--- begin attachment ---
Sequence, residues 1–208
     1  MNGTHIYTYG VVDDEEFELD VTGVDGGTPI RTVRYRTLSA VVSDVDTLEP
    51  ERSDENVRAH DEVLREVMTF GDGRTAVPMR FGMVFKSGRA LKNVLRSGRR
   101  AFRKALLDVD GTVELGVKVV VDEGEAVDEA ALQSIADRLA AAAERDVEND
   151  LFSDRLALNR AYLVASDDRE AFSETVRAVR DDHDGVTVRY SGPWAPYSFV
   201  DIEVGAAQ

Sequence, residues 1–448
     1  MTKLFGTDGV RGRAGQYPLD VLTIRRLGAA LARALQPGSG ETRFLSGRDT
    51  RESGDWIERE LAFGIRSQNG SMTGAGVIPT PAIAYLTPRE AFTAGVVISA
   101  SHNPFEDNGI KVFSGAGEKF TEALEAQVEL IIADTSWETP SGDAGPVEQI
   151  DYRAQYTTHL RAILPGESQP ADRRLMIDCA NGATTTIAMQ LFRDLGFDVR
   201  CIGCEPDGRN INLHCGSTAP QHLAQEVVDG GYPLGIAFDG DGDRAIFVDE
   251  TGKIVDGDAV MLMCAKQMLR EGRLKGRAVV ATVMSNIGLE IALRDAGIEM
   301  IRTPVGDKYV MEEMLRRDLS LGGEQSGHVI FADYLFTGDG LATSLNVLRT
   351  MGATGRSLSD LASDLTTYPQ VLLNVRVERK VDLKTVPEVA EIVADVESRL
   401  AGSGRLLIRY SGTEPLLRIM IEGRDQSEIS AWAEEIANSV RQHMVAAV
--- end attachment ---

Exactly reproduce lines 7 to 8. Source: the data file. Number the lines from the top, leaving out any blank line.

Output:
Sequence, residues 1–448
     1  MTKLFGTDGV RGRAGQYPLD VLTIRRLGAA LARALQPGSG ETRFLSGRDT